Revisiting the Connections 2025 Draft Transit Plan

backgroun1.PNGThis week, we’re posting updates on Capital Metro routes that we’re revisiting based on community feedback. Today, we presented our Board of Directors some Connections 2025 Draft Transit Plan potential route changes at their November Work Session. We’ll review these briefly at the November board meeting and take public comments. The board will further evaluate to make a final decision.

Before we dive into the details, let’s get a refresher on this year-long process. In early 2016, we hosted a series of open houses designed to gauge our community’s priorities for Connections 2025. We heard you ask for more frequency, reliability and connections. In May, we hosted another round of open houses to talk about the tradeoffs between frequency and coverage. We took that feedback into consideration when designing the Draft Transit Plan that prioritizes frequency while maintaining 98% of current service coverage.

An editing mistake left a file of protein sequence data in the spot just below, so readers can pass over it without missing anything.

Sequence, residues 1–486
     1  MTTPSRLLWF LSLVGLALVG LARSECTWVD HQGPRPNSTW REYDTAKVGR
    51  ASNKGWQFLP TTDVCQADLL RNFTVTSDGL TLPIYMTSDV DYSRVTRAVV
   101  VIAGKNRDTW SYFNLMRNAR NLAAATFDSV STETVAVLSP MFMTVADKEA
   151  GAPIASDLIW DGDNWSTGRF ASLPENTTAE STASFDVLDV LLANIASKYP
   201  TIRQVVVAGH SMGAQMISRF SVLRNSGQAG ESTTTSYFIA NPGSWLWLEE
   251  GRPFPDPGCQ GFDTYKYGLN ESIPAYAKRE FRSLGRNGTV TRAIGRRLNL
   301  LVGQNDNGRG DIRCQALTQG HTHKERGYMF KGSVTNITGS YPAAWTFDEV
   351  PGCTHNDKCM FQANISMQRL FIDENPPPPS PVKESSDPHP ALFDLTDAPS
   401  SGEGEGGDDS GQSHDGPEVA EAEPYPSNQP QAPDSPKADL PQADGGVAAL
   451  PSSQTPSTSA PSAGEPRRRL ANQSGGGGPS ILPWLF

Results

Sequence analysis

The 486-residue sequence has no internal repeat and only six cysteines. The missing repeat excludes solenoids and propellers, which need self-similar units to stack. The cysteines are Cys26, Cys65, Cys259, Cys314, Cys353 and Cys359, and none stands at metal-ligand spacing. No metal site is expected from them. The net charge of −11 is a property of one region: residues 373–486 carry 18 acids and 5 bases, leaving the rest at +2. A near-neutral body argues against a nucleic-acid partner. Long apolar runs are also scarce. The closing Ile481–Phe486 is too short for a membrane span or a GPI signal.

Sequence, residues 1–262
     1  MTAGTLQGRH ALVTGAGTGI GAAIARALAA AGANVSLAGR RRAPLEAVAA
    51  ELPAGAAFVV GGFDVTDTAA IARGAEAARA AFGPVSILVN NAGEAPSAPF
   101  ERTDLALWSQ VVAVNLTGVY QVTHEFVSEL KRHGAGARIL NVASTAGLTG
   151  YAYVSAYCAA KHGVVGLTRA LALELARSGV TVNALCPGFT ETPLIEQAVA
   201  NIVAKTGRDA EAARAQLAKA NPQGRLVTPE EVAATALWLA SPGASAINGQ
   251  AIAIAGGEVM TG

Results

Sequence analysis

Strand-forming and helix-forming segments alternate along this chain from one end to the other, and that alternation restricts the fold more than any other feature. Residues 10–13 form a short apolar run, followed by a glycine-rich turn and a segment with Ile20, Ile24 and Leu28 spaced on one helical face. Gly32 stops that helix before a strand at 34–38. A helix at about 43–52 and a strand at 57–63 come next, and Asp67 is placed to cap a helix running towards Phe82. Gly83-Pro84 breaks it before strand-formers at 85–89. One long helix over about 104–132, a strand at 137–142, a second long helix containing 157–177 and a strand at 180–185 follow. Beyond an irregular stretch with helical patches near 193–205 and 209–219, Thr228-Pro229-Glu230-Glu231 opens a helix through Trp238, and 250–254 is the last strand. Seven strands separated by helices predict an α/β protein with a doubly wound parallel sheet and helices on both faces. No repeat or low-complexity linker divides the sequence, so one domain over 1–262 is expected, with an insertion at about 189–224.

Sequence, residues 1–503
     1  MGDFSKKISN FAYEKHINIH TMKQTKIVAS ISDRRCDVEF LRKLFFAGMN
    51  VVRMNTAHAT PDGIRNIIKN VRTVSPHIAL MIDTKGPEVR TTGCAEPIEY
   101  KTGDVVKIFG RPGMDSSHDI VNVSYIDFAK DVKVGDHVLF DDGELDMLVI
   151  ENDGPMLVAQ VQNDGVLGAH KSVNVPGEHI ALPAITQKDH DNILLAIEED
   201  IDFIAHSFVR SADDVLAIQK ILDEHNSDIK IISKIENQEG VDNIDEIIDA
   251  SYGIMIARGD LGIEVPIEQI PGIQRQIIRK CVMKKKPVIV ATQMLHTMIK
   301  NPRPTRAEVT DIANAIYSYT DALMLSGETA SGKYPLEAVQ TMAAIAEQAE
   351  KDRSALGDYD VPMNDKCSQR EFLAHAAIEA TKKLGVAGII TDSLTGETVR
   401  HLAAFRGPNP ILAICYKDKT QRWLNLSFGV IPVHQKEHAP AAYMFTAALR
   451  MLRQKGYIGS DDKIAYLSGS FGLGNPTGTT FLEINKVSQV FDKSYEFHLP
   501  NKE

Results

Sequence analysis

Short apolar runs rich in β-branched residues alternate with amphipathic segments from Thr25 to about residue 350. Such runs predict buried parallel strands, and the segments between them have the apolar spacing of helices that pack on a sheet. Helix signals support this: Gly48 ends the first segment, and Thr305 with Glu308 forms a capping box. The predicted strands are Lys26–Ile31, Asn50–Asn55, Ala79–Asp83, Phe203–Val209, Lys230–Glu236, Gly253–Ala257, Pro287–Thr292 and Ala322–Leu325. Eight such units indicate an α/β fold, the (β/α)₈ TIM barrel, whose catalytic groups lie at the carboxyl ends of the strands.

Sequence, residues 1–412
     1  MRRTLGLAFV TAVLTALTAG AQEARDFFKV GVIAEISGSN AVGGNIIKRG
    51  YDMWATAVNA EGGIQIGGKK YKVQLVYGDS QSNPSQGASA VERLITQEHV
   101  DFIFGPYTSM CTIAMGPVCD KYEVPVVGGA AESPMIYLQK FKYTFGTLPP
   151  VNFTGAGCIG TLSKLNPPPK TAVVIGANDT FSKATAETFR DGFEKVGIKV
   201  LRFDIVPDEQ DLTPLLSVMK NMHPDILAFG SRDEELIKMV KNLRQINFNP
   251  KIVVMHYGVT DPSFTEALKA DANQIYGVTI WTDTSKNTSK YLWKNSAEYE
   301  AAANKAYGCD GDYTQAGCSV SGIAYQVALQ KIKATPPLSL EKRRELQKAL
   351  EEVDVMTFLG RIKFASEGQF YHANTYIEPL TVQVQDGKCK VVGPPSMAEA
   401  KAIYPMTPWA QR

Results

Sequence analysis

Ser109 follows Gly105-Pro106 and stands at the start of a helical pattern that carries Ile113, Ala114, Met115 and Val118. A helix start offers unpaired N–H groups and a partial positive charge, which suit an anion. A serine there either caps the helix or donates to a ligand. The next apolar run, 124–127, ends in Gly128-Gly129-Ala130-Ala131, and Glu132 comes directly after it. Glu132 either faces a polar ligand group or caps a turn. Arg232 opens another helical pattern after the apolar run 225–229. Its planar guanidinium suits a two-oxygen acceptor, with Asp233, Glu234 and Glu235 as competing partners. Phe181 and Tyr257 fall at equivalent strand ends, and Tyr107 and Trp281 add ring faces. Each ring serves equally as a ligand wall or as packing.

What’s proposed in the Connections 2025 Draft Transit Plan? Increasing the number of frequent routes (running every 15 minutes or less) from 6 to 17—expanding accessible frequent transit service available within a 10-minute walk to 200,000 more people across our service area. Read about some of the other benefits.

In the planning process, we’ve reviewed service based on national best practices in transit system design, including: ridership, land use, employment and residential density, etc. However, in order to achieve the system-wide frequency upgrades within our existing budget, we have make some tough decisions that include consolidating, and in some cases, eliminating service. 

The Connections 2025 Draft Transit Plan has been out for our community to review since late August. Over the past two months, we’ve talked with: